Dawood, according to writer David Kaplan in the US News and World Report, lent his smuggling network and underworld assets to Al-Qaeda. There are suggestions that the Mumbai underworld helped Al-Qaeda to pull out their gold and valuables from Kabul after the US attacked Afghanistan in 2001. Although, Kasab's interrogation debunks suggestions of local support and credits their entry through the sea route and subsequent movement in the Colaba area to global positioning (GPS) devices, there have been plenty of eyewitness accounts that hint at local help. A woman, it is alleged, escorted the two terrorists to CST station.

Dawood, who enjoys phenomenal clout within the Mumbai police and coastal security, can explain why the intelligence reports indicating the movement of terrorists were not acted upon. Was there any insider involvement that stayed the hands of the police forces? If the allegations of former deputy chief minister, RR Patil, are anything to go by, then there was some top politician who had close links to the underworld who may have some role to play in this attack. His statement cannot be dismissed lightly as he was the home minister with access to intelligence reports.

Shouldn't the central government check out from Patil about the identity of the politician?

It is Dawood's involvement that many believe could have led to the killing of the ATS chief, Hemant Karkare, ACP, Ashok Kamte, and Inspector, Vijay Salaskar. Highly placed government sources said that there is no doubt about who killed Karkare and others, but it seems that they were "lured" into a situation. AR Antulay gave expression to these misgivings when he demanded an investigation in to the circumstances of Karkare's killing. Antulay's demand created a furore. But P Chidambaram is unlikely to satisfy many who believe that there was, specifically, a fanatic Hindutva (Sangh Parivar) conspiracy to kill Hemant Karkare - who was investigating the Malegaon blasts.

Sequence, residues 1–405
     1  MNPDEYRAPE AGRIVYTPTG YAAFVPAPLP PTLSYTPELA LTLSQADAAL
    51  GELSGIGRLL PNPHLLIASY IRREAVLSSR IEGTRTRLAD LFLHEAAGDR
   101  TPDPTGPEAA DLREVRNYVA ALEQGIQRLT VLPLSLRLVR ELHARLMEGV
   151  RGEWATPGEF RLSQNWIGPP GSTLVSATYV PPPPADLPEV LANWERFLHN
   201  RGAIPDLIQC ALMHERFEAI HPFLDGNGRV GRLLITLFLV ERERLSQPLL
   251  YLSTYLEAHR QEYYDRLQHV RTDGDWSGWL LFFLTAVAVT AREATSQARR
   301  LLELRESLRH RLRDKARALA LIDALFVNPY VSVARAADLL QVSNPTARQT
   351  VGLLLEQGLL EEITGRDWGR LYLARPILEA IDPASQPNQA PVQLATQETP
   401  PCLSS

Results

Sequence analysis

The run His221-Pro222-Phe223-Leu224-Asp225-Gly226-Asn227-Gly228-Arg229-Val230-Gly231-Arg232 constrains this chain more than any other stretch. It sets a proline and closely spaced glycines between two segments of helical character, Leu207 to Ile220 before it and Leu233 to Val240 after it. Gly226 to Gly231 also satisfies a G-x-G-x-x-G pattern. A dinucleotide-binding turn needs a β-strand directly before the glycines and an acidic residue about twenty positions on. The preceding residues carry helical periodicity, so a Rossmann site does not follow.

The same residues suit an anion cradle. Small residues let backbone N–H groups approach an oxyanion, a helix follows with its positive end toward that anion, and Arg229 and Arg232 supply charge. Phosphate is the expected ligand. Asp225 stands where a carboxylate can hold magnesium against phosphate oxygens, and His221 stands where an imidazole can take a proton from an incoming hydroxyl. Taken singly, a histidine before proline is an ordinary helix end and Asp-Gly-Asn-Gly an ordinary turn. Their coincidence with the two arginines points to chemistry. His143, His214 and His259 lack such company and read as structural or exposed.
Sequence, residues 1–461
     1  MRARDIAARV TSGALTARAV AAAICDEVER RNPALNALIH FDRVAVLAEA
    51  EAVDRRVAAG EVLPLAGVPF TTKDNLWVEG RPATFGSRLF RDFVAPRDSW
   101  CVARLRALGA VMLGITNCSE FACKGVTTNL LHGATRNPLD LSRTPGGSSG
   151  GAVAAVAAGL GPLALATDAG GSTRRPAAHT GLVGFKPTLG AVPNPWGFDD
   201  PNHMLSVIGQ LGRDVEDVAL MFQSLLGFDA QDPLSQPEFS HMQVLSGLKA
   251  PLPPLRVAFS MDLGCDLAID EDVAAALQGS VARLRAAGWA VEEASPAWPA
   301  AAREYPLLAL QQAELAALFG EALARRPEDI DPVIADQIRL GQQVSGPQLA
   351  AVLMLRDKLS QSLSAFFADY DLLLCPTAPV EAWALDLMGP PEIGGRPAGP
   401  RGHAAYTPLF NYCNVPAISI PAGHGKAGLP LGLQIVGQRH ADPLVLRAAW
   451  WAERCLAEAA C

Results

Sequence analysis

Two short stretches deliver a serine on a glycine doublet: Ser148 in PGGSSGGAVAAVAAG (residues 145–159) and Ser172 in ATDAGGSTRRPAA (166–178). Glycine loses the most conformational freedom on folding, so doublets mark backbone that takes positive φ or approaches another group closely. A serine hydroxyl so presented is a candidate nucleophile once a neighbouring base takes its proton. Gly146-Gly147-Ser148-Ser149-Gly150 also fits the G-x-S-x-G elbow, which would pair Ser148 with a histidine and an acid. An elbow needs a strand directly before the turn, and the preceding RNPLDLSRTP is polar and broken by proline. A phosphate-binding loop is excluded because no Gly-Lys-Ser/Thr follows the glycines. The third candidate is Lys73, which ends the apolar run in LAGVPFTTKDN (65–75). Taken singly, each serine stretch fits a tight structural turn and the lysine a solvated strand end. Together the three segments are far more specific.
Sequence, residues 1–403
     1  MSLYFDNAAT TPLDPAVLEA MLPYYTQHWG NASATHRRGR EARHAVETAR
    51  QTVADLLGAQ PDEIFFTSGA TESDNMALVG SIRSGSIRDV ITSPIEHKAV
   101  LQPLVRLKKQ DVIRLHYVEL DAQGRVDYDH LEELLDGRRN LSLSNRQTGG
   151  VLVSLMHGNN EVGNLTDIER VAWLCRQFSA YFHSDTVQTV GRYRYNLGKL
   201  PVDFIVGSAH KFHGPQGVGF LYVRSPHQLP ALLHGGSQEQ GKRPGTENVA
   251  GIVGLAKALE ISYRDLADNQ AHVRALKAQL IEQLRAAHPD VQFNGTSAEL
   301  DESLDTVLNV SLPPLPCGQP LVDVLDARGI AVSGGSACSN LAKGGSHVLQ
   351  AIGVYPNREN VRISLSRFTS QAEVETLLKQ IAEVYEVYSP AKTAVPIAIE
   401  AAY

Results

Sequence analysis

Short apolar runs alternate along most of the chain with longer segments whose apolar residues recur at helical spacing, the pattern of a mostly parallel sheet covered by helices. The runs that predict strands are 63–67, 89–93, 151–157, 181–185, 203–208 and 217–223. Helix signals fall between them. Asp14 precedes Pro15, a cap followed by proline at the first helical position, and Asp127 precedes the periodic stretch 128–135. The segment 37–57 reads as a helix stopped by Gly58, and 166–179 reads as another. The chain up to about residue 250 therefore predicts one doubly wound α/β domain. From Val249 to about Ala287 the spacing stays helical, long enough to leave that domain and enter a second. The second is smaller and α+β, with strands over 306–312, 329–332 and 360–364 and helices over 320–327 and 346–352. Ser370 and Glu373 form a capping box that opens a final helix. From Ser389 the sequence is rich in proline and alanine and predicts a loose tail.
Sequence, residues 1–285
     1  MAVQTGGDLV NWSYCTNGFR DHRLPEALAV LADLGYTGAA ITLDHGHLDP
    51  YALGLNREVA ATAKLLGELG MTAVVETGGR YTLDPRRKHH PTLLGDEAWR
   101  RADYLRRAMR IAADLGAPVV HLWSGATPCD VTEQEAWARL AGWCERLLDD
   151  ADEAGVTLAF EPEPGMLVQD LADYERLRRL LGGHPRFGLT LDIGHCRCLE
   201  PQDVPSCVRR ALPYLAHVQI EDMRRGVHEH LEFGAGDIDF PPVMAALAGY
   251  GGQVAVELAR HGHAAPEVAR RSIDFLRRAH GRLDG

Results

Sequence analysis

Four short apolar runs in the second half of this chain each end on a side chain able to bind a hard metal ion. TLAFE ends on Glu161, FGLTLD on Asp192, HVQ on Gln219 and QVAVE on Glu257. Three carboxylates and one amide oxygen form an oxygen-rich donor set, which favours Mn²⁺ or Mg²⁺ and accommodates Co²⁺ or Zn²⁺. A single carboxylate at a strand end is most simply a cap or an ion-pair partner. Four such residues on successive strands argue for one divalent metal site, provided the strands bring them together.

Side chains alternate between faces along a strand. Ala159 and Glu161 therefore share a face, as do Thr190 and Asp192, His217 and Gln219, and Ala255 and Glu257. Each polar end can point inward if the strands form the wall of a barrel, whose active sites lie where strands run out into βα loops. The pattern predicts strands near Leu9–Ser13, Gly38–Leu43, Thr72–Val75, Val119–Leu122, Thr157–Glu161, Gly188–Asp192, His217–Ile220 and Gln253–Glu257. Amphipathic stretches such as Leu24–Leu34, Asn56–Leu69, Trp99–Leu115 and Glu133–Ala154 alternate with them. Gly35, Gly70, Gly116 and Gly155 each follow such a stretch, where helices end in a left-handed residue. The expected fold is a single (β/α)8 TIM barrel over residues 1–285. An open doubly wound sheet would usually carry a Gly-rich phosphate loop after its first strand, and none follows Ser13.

What is intriguing about the Mumbai attackers is the felicity with which they used Blackberry mobiles and GPS. These SIM cards were procured from Kolkata and they were loaded with mobile banking technologies. According to Andrew Cochran, US-based strategic affairs expert,
"This was the first large-scale terrorist attack involving stored-value cards and mobile
banking technologies..."

This is a serious revelation as scores of credit cards were found on the terrorists purportedly picked up from hostages in the hotel. What needs investigating is whether the terrorists or their handlers managed to access the bank accounts of these high value people who were kept hostage for 60 hours in the hugely expensive five-star hotels like Taj and Trident.

There are disturbing reports that some of the hostages were even tortured. Some hostages claimed that the terrorists were checking out with their handlers how to treat them. The terrorists seemed to have a list of the hotel residents and were clear whom they were targeting. Many high profile, wealthy people were killed, including the partner of Yes Bank, Ashok Kapoor. The big question is: did the terrorists, besides executing their larger agenda, also engage in transferring money out of the account of hostages?

Terrorism experts claim that Al-Qaeda and other terror outfits are relentlessly involved in raising funds. Although driven to create Ummah or Islamic order in the world, these terrorists use drug trade, counterfeit currency and gun-running to finance their activities.

It will take a while for the implications of the Mumbai terror attack to sink in. But one thing is clear: the Indian government, after this incident, has begun to lean very heavily on the West. If contemporary history is an indication - this
spells bad news for a country. Close ties with the West will not militarise India. It will force us to fight un-winnable, highly destructive and damaging wars with long-term consequences.

If that happens, the 10 outsiders in Mumbai would have succeeded in executing their agenda.